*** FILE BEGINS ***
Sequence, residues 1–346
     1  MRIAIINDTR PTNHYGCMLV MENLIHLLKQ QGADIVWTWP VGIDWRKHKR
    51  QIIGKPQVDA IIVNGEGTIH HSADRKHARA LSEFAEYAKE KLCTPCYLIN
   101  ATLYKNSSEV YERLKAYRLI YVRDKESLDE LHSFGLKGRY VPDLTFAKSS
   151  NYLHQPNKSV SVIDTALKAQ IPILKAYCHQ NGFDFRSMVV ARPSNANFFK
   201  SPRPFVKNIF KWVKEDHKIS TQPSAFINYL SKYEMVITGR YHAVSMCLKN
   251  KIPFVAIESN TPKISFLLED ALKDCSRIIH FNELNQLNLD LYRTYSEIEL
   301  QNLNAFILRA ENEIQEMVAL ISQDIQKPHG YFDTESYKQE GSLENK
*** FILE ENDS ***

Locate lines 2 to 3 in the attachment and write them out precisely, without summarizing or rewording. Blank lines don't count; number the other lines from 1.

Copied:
     1  MRIAIINDTR PTNHYGCMLV MENLIHLLKQ QGADIVWTWP VGIDWRKHKR
    51  QIIGKPQVDA IIVNGEGTIH HSADRKHARA LSEFAEYAKE KLCTPCYLIN